Last night, the sky over Nabdale turned green.

There was light everywhere. I mean, the light pollution’s so fucking thick over this town that the sky’s brown in the evening and orange at night, and I could see it all. (I hate not being able to emphasise the word “I” with capitalisation. I mean, it’s capitalised already. And I could just write “i” regularly and “I” for BIG deals, but that’s just teen-fanfic-website levels of BAD GRAMMAR. Then again, suppose it speaks to my gargantuan ego that I feel the need to emphasise “I” so often. Okay, okay. From now on, I’ll embolden it. How’s that?)

Anyway, back to the point. What was it again?

Oh yeah. This MASSIVE-SCALE ALIEN INVASION.

Harriet sighed and tried to stifle a laugh. This crazy bastard wrote like his thoughts had just fallen out on the page and he’d been forced to rearrange the mess into sentences, but it was addictive. She’d read the entire chunk before she could tear herself away, and she was sure she didn’t believe a word of it. No. No. Of course not. Of course not. Whoever he was, he was from Nabdale, and he’d seen what happened last night, which, for some reason, she couldn’t remember at all. And he wasn’t letting logic get in the way either.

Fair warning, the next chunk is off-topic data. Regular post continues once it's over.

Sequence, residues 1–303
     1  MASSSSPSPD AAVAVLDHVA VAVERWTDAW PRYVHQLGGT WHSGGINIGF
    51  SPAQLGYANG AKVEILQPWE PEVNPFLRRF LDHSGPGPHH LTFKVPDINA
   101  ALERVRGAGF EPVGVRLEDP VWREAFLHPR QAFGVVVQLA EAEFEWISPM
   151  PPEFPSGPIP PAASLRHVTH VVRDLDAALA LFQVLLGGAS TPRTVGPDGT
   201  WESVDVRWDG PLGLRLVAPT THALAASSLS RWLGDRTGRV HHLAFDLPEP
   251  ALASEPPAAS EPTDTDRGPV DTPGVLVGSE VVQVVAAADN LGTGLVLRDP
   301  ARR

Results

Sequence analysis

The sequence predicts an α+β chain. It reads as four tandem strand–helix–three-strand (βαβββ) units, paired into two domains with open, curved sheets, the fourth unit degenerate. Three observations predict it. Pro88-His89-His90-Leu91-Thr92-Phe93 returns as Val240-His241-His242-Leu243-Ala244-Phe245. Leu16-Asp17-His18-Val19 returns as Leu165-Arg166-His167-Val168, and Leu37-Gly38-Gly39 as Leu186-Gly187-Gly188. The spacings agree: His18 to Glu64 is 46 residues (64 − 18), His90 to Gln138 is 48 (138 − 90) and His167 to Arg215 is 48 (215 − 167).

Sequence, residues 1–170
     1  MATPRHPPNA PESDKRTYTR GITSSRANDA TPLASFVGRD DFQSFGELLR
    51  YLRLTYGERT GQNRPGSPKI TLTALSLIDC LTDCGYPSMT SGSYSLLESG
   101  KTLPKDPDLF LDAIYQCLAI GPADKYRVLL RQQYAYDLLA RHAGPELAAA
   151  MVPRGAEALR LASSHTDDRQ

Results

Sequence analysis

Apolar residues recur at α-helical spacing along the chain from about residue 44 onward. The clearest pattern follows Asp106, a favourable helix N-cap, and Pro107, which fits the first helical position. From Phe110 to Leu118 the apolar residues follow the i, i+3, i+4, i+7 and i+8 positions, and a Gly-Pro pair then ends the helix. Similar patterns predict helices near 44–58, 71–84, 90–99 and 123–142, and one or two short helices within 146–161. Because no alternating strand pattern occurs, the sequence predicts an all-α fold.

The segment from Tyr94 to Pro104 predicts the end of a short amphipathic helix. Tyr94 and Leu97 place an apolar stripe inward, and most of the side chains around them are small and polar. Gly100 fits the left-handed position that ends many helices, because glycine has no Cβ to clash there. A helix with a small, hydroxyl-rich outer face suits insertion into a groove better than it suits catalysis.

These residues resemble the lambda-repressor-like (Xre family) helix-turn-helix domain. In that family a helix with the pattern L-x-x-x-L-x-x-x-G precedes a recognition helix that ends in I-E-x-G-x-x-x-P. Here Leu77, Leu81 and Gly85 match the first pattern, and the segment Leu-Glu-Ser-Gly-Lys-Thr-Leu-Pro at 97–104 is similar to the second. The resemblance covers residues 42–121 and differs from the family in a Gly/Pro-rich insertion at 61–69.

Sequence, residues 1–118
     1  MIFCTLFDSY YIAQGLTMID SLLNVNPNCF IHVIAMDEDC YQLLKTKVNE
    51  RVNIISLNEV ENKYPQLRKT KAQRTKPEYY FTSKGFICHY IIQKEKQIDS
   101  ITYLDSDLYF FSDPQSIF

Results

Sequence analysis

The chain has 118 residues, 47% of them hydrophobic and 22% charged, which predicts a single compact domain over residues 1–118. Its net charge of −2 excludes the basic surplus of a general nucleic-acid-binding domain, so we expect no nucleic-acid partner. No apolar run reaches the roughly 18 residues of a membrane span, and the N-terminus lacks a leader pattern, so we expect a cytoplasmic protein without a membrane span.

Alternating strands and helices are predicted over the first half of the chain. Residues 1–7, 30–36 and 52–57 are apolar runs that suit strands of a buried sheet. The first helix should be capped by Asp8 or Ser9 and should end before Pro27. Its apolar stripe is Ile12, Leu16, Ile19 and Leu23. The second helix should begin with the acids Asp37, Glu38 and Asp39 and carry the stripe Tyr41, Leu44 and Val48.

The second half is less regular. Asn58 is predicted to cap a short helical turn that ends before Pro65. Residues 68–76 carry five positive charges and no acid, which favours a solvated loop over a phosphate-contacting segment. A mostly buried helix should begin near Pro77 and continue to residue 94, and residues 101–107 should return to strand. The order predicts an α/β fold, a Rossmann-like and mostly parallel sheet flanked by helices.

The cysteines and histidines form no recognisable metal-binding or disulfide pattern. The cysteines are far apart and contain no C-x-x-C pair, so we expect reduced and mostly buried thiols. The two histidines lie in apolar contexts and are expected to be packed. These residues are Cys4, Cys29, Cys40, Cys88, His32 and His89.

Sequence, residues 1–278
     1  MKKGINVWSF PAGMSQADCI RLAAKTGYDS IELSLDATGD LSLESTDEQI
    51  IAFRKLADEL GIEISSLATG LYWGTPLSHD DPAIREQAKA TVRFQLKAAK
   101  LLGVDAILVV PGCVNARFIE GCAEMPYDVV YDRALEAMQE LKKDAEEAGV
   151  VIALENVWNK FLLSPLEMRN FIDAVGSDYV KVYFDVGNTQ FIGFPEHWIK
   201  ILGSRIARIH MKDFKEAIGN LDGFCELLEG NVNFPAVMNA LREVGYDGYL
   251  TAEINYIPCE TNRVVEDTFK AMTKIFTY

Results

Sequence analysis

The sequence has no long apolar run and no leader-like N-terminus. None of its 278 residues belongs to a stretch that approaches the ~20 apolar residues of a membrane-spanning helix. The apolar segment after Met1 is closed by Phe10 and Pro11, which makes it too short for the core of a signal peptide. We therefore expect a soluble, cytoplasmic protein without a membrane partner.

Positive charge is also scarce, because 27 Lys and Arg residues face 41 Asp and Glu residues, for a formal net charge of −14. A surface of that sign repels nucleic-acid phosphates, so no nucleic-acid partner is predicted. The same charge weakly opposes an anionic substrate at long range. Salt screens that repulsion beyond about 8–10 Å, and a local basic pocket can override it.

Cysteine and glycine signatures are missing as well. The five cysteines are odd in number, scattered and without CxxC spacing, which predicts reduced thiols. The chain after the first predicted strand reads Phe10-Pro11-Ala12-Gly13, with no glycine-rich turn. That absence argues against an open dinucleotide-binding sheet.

Last night, I was sitting in my shitty apartment mansion house, looking out of the grimy glorious floor-to-ceiling window, when what should I see but a MASSIVE EXPLOSION OF LIGHT on the horizon. I was staring, right? For quite a while. So long, in fact, and so wide, I’m surprised my eyeballs didn’t fall out of my skull and plop onto my bile-coloured carpet polished mahogany floor. (Not that that’s medically or scientifically possible; my eyeballs are held in place by tendons, just like everyone else’s, and even if they DID fall out they’d just sort of dangle, which actually would be even worse because I’d have to pick them up and squish them back into place- yeugh. Anyway.)